A public-private partnership turns on its head the assumption that environmental protection is only philanthropic. This type of partnership yields benefits for both parties: The public entity achieves its mission — whether it’s providing low-income housing, a healthy school environment for students or renewable and reliable electric power — and the private entity profits. It’s a satisfying manifestation of doing well by doing good.

    Conserving lands

    Another example of a successful public-private partnership is the one that brought together King County, the nonprofit Cascade Land Conservancy and Port Blakely Tree Farms, a private developer with land holdings in King County. The three entities collaborated on the Treemont Development Project (now called Aldarra Ridge), a residential housing project in the midst of a 260-acre working forest in Fall City and beyond the current urban growth boundary.

    Under the terms of the partnership, Port Blakely Tree Farms sold the land to Cascade Land Conservancy and gained a tax write-off for selling at a below-market price to a nonprofit. King County then purchased a conservation easement on a portion of the land, funded through the issuance of tax-exempt bonds backed by the county’s Conservation Futures Tax and Real Estate Excise Tax.

    Originally, the plan called for construction of 194 homes on the site, with about one house per acre. Due to the partnership, however, development was reduced to 30 homes, which resulted in 120 acres of land being conserved as a working forest, contributing to the water quality of Patterson Creek, minimizing local traffic, and enhancing outdoor recreation and wildlife habitat.

    Innovative financing

    As these examples illustrate, flexible and well-intentioned public and private partners are necessary to make these structures work. Returns on a sustainably designed project may be lower than returns on conventional developments, and it helps to engage partners who recognize some value in “doing the right thing.”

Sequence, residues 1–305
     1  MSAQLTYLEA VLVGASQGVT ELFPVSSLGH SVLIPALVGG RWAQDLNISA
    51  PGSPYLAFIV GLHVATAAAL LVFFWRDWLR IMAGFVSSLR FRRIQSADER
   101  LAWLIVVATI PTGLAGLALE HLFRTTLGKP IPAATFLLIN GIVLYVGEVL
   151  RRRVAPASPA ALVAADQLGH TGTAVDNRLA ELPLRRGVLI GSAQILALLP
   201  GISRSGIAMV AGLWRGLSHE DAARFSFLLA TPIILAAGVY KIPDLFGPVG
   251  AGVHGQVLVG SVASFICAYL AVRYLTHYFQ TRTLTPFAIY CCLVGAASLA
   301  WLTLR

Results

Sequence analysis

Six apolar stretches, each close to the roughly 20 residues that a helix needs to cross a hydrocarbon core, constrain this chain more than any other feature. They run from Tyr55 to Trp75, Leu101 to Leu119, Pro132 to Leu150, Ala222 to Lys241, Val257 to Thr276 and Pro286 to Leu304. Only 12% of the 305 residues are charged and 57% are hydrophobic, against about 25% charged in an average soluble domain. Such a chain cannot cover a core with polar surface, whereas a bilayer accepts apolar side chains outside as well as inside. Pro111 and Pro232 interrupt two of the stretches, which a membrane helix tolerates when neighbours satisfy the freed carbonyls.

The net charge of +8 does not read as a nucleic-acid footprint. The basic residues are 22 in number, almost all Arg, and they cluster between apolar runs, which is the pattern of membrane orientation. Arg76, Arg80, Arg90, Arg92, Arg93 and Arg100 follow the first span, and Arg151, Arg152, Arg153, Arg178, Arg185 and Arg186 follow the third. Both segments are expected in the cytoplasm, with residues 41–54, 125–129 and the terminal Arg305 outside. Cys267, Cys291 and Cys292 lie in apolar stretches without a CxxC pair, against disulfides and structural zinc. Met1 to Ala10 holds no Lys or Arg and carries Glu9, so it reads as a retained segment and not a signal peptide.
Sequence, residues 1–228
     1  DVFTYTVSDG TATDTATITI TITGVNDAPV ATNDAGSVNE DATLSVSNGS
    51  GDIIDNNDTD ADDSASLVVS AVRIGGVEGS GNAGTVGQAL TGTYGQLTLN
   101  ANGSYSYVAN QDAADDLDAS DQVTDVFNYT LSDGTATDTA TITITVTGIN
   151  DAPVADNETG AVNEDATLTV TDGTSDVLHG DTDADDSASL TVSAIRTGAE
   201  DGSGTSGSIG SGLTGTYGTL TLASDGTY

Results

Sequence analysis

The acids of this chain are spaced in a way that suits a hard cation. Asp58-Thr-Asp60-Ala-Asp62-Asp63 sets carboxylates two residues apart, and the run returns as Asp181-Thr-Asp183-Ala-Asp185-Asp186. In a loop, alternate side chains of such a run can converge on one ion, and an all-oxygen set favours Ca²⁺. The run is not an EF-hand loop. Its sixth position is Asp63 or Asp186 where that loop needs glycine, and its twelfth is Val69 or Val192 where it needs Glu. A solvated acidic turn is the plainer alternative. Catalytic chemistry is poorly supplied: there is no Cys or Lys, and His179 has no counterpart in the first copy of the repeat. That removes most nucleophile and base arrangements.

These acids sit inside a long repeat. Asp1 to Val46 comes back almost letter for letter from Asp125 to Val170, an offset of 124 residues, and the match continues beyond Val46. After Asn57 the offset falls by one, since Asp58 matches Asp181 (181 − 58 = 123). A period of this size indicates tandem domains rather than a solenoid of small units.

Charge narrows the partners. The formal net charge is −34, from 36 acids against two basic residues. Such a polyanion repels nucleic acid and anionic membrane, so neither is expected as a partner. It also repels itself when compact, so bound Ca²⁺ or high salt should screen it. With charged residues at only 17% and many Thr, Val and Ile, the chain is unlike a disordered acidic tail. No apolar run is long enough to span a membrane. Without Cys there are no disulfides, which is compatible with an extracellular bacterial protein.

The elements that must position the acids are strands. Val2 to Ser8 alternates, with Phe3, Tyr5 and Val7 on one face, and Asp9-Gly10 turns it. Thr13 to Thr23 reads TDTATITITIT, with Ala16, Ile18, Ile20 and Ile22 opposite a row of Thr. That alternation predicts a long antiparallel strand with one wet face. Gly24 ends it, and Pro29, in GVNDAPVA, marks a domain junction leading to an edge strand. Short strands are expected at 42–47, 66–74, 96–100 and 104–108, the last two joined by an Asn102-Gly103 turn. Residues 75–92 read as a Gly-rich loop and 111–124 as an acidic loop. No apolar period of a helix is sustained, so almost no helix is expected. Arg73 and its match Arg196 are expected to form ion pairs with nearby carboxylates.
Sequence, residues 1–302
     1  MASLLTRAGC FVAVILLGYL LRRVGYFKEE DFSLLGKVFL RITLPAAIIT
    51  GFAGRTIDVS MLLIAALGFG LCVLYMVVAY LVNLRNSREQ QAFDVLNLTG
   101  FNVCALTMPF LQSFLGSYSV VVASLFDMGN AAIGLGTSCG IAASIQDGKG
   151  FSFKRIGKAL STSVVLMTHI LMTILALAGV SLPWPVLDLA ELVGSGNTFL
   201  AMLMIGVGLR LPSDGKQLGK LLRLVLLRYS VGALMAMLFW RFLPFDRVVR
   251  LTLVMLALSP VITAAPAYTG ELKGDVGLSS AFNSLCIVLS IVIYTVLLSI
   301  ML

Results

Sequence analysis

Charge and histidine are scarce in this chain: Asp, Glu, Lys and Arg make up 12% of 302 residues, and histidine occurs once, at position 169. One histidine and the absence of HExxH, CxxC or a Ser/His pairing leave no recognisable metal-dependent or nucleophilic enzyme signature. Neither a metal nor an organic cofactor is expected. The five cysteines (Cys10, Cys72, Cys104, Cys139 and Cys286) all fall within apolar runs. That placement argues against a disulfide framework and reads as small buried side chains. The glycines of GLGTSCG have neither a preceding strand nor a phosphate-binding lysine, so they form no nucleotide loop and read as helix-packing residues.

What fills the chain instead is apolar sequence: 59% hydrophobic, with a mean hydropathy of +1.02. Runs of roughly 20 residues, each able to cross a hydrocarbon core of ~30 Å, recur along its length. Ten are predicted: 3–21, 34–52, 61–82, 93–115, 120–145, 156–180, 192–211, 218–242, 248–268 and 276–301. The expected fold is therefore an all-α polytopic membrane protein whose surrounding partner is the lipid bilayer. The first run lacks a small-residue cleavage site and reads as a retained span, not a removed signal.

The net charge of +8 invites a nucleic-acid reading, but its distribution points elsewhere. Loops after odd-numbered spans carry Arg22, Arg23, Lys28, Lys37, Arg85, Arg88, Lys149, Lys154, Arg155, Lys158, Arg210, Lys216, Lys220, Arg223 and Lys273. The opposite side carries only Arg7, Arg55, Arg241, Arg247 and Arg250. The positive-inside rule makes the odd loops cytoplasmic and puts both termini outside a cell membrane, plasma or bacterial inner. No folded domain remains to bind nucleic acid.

New incentives that encourage these partnerships are sweetening the deals so that they can be competitive with traditional internal rate-of-return-driven projects. For example, Oregon’s Business Energy Tax Credit program provides a way for tax-exempt entities to benefit from building qualified energy-efficient and renewable-energy projects by allowing them to pass through the tax credits they earn to a private entity that has a tax liability. In practice, this means that an Oregon school district that receives tax credits for improving the energy efficiency of its buildings can sell those credits to a company like Umpqua Bank, which has Oregon state income tax liability. The school district receives a lump-sum payment to offset the cost of the upgrade, and Umpqua Bank uses the tax credits to offset its state income tax obligation.

    There was a time when the intersection between finance and environmental protection was not so clear. But now, a number of national and global events, both political and natural, have increased awareness of the value of sustainable projects — and the environmental risk of business as usual. Evolving priorities and business opportunities that mandate green developments are demanding innovative financing options, opening new doors and creating new possibilities.

    Ann Grodnik is an assistant vice president in public finance at SNW. The company hosted its sixth annual municipal finance conference, entitled “Financing Sustainable Development in a Volatile Market,” in Seattle last April.